A new year begins. I think it fitting to begin the year with words of thanksgiving.
The Words That Come Before All Else, are an ancient supplication of the indigenous Six Nations peoples of Northeastern North America, the Mohawks, Onondaga, Oneida, Cayuga, Seneca, and Tuscarora.
The address is not a prayer but expresses gratitude and empathic connection to all of creation. Words Before All Else are the words that Haudenosaunee (Ho doe na show knee) people speak before ceremonial and governmental gatherings and some people speak it to start and end their days.
The words address the People, Earth Mother, The Waters, Fish, Plants, Food Plants, Medicine Herbs, Trees, Birds, Four Winds, Thunderers, Sun, Grandfather Moon, Stars, Enlightened Teachers, and The Creator. Each element of the natural world is spoken to and thanked for their contributions to all life. These words bind us and promote empathy with all creation.
The words speak of an understanding and gratefulness to those beings and elements of creation which by following their instructions, to keep creation running. We as humans need to do out part by following our creator-given instructions which fit in with the cycle of life here on Earth.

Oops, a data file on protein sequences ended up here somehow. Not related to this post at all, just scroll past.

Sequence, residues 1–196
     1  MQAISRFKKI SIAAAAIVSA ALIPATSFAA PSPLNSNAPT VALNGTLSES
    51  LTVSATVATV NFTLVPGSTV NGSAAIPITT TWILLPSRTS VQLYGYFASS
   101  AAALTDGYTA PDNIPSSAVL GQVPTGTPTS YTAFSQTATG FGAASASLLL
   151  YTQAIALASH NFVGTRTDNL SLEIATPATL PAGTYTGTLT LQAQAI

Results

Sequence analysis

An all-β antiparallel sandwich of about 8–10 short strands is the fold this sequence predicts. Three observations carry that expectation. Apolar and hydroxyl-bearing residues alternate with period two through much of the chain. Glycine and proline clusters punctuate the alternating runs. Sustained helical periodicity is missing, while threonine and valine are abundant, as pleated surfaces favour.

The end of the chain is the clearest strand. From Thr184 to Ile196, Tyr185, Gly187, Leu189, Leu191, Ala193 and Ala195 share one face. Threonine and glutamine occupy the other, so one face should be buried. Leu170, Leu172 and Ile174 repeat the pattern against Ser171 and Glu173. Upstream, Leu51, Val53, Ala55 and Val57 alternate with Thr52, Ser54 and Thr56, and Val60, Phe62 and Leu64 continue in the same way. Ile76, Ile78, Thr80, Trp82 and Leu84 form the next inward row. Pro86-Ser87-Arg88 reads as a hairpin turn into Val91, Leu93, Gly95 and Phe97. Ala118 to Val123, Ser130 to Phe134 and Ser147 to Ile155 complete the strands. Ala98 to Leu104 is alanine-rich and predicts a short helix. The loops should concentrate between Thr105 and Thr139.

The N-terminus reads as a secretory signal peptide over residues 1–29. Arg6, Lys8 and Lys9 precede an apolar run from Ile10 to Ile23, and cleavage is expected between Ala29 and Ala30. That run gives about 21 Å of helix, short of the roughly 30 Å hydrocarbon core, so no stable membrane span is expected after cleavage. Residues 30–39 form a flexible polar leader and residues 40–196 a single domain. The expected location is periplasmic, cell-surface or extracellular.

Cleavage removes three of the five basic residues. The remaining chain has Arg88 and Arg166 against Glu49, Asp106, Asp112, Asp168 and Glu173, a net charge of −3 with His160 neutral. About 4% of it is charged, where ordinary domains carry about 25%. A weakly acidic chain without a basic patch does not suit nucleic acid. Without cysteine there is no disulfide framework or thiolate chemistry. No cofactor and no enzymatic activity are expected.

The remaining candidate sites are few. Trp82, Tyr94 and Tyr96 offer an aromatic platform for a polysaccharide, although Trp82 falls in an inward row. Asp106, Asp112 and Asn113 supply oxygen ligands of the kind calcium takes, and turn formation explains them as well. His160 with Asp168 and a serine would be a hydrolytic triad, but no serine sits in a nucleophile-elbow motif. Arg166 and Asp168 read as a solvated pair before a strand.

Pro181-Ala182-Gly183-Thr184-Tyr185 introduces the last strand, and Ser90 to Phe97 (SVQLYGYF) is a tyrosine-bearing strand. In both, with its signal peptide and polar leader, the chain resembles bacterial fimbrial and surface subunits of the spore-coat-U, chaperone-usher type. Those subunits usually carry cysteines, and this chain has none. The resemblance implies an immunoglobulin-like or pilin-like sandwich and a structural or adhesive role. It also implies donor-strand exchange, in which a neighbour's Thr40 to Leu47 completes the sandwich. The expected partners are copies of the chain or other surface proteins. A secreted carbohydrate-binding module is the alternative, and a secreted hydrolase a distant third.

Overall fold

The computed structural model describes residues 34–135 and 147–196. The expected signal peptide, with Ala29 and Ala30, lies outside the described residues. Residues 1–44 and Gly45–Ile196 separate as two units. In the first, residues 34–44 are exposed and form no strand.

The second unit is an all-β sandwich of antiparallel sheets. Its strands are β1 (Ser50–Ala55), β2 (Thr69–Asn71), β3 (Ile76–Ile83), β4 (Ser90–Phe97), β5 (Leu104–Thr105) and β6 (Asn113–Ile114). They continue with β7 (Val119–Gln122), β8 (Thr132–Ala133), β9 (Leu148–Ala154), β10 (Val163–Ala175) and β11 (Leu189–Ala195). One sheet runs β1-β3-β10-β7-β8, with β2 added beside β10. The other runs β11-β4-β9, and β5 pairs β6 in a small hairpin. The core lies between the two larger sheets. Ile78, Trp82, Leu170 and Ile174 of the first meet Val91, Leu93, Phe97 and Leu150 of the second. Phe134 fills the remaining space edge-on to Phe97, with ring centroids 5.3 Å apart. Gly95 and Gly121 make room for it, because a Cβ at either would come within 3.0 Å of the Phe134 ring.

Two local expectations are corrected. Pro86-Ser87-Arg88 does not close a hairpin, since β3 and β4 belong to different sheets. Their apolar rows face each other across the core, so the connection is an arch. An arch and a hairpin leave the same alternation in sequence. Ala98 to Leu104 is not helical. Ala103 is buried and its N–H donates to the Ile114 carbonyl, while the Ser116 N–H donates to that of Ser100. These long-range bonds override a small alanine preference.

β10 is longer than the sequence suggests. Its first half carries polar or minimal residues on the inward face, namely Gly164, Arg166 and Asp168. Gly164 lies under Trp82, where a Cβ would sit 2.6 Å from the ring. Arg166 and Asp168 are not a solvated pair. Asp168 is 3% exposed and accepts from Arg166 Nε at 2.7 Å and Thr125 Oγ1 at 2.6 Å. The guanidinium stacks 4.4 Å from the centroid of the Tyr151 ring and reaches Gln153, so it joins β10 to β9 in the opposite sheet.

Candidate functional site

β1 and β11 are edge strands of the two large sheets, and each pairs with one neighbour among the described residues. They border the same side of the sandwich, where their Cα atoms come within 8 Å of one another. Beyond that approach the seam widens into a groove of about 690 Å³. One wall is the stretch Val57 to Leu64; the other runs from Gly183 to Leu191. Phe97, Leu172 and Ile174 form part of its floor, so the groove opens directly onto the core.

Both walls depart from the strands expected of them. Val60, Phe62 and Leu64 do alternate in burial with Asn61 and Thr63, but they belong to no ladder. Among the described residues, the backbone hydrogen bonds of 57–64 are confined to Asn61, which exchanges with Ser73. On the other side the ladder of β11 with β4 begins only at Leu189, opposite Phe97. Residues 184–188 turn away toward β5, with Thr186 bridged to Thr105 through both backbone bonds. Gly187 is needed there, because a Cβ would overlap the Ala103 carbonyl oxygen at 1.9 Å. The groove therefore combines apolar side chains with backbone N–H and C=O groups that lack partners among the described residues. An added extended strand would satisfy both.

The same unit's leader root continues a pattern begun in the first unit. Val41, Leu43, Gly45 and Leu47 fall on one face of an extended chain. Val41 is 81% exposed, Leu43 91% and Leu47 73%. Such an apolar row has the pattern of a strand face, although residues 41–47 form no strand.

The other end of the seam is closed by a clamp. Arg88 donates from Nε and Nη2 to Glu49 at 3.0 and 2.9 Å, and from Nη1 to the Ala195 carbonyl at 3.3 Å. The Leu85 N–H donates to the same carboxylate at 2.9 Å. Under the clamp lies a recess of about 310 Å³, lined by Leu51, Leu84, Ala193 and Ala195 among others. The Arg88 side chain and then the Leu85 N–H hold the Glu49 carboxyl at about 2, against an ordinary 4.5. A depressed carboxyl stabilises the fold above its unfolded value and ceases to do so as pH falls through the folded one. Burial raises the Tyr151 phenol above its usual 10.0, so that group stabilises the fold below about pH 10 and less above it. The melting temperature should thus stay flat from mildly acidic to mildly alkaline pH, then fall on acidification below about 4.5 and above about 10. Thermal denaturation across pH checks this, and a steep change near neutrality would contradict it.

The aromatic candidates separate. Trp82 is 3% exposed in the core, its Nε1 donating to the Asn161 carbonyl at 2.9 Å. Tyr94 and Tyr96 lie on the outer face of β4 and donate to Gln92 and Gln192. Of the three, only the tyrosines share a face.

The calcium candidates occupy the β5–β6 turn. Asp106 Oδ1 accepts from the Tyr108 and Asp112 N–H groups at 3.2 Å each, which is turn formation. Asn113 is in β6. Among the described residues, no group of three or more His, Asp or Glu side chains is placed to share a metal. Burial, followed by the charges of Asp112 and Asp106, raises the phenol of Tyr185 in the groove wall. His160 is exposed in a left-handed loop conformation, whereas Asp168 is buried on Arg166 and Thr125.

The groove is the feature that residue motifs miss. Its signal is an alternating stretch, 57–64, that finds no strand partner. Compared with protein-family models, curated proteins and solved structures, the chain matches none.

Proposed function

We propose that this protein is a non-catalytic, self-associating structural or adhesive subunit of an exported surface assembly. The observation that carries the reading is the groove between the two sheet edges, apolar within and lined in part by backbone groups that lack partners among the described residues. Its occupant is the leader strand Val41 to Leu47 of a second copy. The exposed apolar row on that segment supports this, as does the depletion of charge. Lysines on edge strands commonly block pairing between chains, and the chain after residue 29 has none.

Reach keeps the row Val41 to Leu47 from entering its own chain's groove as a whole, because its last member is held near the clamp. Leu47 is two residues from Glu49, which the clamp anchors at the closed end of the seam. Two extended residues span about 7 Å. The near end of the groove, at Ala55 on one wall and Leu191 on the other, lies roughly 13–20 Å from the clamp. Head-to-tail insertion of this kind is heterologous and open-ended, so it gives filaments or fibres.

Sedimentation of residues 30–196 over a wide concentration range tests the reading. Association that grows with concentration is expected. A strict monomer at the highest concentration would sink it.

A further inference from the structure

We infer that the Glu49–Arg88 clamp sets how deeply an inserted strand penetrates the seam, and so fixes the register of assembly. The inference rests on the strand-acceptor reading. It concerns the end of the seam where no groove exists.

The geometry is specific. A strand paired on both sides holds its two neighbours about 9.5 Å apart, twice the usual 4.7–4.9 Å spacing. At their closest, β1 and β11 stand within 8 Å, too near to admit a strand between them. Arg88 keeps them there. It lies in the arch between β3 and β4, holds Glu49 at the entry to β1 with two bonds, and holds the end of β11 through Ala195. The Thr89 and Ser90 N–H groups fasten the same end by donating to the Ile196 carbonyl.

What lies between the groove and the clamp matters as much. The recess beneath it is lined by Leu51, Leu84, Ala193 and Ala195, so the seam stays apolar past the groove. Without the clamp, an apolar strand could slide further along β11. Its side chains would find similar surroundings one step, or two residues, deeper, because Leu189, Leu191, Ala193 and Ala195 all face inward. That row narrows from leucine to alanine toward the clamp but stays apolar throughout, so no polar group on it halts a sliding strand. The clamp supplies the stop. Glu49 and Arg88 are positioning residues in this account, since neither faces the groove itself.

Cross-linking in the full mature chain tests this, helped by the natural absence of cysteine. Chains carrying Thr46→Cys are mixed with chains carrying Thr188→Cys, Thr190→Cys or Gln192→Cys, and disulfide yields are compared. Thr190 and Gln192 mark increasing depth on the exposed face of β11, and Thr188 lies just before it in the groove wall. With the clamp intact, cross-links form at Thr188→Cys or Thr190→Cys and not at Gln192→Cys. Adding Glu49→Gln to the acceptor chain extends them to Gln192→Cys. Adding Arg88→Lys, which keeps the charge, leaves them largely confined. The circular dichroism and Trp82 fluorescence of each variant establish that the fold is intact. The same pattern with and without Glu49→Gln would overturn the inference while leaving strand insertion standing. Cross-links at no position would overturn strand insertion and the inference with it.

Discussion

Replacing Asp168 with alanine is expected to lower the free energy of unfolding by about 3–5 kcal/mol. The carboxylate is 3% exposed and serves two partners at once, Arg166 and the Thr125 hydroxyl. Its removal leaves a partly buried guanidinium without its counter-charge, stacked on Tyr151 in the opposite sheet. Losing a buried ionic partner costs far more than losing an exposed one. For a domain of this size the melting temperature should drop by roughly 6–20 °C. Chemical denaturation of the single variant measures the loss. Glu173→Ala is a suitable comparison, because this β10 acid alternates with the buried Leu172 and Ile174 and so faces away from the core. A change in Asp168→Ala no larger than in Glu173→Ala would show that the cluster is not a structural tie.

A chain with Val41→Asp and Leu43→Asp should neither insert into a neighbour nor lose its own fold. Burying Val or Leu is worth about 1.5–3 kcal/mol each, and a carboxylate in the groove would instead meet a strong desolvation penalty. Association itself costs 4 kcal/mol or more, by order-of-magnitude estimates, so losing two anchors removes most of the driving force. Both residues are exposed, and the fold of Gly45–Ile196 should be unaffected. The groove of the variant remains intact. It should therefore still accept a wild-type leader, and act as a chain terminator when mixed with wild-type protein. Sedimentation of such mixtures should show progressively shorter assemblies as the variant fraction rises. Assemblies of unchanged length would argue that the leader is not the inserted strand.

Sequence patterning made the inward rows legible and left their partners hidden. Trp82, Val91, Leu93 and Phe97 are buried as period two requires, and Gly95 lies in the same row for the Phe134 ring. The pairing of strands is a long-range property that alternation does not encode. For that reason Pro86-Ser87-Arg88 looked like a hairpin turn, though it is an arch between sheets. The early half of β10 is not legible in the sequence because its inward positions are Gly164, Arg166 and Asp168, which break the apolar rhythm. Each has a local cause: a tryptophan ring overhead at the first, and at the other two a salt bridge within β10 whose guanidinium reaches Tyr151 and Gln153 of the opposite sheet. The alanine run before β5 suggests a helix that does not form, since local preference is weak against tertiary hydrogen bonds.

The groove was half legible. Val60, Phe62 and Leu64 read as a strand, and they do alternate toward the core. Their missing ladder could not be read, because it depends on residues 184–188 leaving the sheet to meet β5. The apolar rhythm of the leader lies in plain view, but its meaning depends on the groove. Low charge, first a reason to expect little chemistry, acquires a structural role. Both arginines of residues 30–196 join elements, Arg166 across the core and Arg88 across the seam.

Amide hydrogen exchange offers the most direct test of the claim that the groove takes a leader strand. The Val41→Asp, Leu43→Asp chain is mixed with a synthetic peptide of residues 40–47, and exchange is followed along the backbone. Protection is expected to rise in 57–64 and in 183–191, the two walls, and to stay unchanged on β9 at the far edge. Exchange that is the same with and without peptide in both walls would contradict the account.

In 1995, Mohawk Chief Jake Swamp published a children’s book, Giving Thanks: A Native American Good Morning Message (Reading Rainbow Book) (Reading Rainbow Books). In writing the children’s book, Chief Jake Swamp’s original vision was to give the words of the Thanksgiving Address to the children of the world “so that later in life, when they go out and meet one another, they will find that they are all coming from the same place.”
In this video above, Whatweni⋅neh – Frieda Jacques, Turtle Clan, and Kateri – Riley Thornton, Snipe Clan of the Onondoga Nation explain the purpose, origin, and uses of the Haudenosaunee Thanksgiving Address or the Words That Come Before All Else. Thank you to Ms. Jacques and Thornton for uploading and sharing the video on YouTube.
You can find the words of the Thanksgiving Address and download them on the National Museum of the American Indian website. http://www.americanindian.si.edu/environment/pdf/01_02_Thanksgiving_Address.pdf
The Tracking Project has a pocket-sized booklet entitled, The Thanksgiving Address: Greetings to the Natural World, published by the Thanksgiving Address Project and is available in several different languages including English/Mohawk, Mohawk/German, Japanese, Portuguese, Spanish, Swedish, Bisayan, French, Italian and Hawaiian.http://www.thetrackingproject.org/products/the-tracking-project-teaching-resources/
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